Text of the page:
Three people in semi-formal clothes hold wine glasses at a festival.
Figure 6.2 Guests at Cornucopia, Whistler’s celebration of food and wine.

Spotlight On: Cornucopia, Whistler’s Celebration of Wine and Food

For the “epicurious, cornucopia is food + drink unleashed.” Dubbed “so wild you can taste it” this 11-day event showcases tasting events, drink seminars, chef lunches and demos, avant-garde parties and more. For additional information, visit Cornucopia.


An event is a happening at a given place and time, usually of some importance, celebrating or commemorating a special occasion. To help broaden this simple definition, categories have been developed based on the scale of events. These categories, presented in Table 6.1, overlap and are not hard and fast, but help cover a range of events.

Table 6.1 Event types, characteristics, and examples
[Skip Table]
Event Type Characteristics Examples
Mega-event: those that yield high levels of tourism, media coverage, prestige, or economic impact for the host community or destination.
  • So large it affects economies
  • Gains global media coverage
  • Highly prestigious
  • Usually developed with a bidding process
  • Has major positive  and negative impacts
  • 1 million+ visits
  • Capital costs in excess of $500 million
  • Considered “must see”
  • Olympic Games/ Paralympic Games
  • Commonwealth Games
  • FIFA World Cup
  • World fairs and expositions
  • Economic summits
Special event: outside the normal activities of the sponsoring or organizing body.
  • One-time or infrequent
  • Specific ritual, presentation, performance, or celebration
  • Planned and created to mark a special occasion
  • National days and celebrations
  • Important civic occasions
  • Unique cultural performances
  • Royal weddings
  • Diamond jubilees
Hallmark event: possesses such significance in terms of tradition, attractiveness, quality or publicity, that it provides the host venue, community, or destination with a competitive  advantage.
  • Identified with the location or synonymous with place name
  • Gains widespread recognition/awareness
  • Creates a competitive tourism advantage
  • The Carnival of Brazil  (Rio de Janeiro)
  • Mardi Gras (New Orleans)
  • Oktoberfest (Munich)
Festival: (as defined above) public celebration that conveys, through a kaleidoscope of activities, certain meanings to participants and spectators.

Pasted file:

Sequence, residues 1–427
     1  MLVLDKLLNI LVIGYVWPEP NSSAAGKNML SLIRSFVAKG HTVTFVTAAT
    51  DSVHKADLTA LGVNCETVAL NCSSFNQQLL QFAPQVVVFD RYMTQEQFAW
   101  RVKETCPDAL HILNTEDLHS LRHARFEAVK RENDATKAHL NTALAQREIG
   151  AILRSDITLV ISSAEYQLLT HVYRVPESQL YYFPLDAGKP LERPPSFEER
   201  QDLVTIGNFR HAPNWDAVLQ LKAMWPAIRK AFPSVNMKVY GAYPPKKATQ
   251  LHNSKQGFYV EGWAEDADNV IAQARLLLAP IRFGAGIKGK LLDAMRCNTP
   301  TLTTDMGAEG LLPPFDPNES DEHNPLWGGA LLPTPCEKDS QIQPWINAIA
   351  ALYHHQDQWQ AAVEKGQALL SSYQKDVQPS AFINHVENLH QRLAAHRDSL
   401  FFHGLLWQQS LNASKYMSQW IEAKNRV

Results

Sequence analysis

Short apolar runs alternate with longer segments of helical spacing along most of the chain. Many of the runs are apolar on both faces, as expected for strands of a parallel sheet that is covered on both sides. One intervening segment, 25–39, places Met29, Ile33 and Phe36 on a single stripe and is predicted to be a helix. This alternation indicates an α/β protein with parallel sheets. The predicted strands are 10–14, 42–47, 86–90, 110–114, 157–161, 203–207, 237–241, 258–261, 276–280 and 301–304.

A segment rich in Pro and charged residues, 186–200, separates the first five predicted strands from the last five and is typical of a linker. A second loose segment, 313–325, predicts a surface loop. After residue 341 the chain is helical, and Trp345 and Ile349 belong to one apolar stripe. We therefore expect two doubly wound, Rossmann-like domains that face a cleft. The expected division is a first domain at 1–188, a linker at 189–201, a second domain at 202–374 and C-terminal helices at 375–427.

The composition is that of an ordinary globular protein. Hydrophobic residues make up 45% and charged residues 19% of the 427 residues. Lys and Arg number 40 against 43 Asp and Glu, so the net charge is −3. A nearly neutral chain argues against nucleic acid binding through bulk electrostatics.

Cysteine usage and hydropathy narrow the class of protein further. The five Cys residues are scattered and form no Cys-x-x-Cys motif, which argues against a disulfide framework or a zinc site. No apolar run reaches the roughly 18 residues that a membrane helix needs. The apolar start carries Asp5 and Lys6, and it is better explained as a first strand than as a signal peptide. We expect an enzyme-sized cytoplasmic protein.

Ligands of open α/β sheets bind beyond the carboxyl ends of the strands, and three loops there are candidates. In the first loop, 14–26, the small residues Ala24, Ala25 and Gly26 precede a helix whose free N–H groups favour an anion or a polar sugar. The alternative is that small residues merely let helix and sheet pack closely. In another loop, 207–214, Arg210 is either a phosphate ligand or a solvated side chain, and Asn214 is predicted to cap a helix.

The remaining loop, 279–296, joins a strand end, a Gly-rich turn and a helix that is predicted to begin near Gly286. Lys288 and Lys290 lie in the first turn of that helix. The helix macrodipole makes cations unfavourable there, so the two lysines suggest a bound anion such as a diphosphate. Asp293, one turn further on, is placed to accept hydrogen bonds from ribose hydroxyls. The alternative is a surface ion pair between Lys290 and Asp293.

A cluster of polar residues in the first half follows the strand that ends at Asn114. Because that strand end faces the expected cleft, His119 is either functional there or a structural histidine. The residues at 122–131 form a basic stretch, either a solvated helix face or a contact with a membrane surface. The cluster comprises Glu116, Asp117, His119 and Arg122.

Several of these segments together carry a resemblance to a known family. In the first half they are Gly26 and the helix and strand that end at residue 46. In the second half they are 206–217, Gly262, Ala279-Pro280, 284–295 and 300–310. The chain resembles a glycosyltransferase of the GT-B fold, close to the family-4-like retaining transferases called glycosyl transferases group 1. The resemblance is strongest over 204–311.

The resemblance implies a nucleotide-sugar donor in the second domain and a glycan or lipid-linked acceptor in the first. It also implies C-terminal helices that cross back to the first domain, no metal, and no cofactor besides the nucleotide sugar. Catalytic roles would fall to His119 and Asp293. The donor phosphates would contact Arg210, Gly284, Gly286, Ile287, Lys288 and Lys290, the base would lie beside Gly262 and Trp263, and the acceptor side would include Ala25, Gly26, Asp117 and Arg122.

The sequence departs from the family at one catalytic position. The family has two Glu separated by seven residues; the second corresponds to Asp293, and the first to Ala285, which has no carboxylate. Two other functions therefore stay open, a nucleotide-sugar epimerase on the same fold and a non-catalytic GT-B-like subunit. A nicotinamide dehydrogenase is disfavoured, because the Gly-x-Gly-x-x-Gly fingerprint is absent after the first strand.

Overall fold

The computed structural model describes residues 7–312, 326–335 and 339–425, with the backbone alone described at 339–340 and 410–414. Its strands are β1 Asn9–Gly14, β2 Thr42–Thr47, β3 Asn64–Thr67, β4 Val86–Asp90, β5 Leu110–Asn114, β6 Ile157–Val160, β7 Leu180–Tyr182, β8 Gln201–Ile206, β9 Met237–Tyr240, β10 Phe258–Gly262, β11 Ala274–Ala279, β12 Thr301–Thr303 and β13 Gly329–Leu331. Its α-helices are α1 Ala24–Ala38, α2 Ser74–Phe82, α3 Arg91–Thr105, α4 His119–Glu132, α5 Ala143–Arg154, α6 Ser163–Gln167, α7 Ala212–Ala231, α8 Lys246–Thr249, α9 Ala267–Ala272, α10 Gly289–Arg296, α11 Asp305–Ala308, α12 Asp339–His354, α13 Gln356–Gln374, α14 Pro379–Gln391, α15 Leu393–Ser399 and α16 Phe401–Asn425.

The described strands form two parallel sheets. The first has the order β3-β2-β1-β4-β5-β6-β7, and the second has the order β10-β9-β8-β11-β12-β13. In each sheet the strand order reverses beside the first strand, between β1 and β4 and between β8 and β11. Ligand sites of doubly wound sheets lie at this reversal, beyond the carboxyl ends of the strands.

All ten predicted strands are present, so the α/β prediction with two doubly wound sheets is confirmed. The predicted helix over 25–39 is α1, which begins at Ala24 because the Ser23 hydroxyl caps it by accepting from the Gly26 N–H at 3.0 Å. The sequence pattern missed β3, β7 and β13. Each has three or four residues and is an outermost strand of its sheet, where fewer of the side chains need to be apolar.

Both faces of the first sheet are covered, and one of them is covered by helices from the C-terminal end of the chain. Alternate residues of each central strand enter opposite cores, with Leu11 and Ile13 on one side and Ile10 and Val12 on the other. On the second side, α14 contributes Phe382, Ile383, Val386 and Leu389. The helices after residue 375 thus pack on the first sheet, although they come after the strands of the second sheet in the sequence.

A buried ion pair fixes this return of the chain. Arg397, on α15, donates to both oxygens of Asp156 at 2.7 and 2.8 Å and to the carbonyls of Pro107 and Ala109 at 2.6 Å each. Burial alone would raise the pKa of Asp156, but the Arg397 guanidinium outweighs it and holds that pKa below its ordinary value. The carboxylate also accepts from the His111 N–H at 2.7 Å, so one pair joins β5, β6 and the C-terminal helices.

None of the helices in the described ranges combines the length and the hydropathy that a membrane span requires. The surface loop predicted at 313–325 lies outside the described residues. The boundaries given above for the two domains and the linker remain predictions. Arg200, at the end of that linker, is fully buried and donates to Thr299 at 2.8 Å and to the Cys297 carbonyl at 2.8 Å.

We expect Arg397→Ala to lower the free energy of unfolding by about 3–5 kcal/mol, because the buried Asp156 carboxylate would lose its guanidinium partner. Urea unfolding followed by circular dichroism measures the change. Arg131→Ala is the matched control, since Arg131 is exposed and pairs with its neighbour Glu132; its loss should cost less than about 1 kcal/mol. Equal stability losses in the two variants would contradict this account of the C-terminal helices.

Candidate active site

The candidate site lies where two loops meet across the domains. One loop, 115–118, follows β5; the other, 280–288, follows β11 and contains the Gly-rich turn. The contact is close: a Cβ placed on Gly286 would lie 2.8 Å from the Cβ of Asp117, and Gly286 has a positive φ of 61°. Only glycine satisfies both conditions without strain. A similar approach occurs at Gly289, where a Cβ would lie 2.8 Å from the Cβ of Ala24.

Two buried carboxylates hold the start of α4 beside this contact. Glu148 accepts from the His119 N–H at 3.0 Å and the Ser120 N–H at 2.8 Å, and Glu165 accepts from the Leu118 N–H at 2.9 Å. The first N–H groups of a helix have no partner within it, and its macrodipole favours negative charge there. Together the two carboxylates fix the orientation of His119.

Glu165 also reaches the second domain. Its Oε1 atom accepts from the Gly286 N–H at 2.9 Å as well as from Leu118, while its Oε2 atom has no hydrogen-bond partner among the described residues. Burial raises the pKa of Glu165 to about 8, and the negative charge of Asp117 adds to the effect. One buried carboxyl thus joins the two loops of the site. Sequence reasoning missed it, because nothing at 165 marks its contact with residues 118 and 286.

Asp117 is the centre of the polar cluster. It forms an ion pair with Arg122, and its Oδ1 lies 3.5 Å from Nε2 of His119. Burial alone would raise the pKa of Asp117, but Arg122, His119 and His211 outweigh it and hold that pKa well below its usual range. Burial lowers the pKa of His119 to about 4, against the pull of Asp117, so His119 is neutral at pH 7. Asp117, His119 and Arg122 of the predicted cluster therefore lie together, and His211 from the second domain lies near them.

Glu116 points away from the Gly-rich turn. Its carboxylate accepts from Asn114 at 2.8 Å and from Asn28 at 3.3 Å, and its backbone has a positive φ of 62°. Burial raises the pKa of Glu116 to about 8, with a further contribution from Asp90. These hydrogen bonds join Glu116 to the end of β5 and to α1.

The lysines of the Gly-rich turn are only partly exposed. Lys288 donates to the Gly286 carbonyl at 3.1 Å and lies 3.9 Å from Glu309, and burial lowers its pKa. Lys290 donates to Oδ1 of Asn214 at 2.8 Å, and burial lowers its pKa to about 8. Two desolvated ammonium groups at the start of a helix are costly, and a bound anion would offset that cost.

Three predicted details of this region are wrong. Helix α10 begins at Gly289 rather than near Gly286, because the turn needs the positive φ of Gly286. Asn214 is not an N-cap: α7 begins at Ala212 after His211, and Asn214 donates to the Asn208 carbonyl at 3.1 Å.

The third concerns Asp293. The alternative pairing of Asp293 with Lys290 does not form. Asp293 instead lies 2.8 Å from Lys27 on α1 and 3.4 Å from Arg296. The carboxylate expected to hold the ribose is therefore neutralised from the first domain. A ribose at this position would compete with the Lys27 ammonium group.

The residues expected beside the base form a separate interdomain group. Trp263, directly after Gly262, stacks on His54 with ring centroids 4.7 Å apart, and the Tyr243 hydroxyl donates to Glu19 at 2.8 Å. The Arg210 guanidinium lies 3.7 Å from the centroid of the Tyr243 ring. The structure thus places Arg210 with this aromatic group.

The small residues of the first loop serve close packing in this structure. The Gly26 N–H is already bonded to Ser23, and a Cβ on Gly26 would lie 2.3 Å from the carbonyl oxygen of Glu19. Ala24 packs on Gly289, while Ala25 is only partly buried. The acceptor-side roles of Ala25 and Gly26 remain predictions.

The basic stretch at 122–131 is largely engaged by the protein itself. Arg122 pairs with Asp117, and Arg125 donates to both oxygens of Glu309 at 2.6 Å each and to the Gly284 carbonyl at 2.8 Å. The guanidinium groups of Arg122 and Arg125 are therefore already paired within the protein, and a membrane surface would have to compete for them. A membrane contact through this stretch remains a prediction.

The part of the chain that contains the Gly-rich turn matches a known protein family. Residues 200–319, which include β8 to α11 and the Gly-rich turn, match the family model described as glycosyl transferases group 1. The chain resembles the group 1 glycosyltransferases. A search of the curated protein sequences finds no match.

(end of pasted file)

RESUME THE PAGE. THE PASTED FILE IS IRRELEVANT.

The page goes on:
• Celebration and reaffirmation of community or culture
  • Artistic content
  • Religious or ritualistic
  • Music, dance, and drama are often featured
  • Lollapalooza
  • Junkanoo (Nassau, Bahamas)
Local community event: generated by and for locals; can be of interest to visitors, but tourists are not the main intended audience.
  • Involves the local population
  • A shared experience to their mutual benefit
  • Fundraisers
  • Picnics
  • Barbeques
Data source: Getz, 2005.

Events can be extremely complex projects, which is why, over time, the role of event planners has taken on greater importance. The development of education, training programs, and professional designations such as CMPs (Certified Meeting Planners), CSEP (Certified Special Events Professional), and CMM (Certificate in Meeting Management) has led to increased credibility in this business and demonstrates the importance of the sector to the economy. Furthermore, there are a variety of event management certifications and diplomas offered in BC that enable future event and festival planners to gain specific skills and knowledge within the sector.

Various tasks involved in event planning include:

  • Conceptualizing/theming
  • Logistics and planning
  • Human resource management
  • Security
  • Marketing and public relations
  • Budgeting and financial management
  • Sponsorship procurement
  • Management and evaluation

But events aren’t just for leisure visitors. In fact, the tourism industry has a long history of creating, hosting, and promoting events that draw business travelers. The next section explores meetings, conventions, and incentive travel, also known as MCIT.



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Introduction to Tourism and Hospitality in BC - 2nd Edition Copyright © 2015, 2020, 2021 by Morgan Westcott and Wendy Anderson, Eds is licensed under a Creative Commons Attribution 4.0 International License, except where otherwise noted.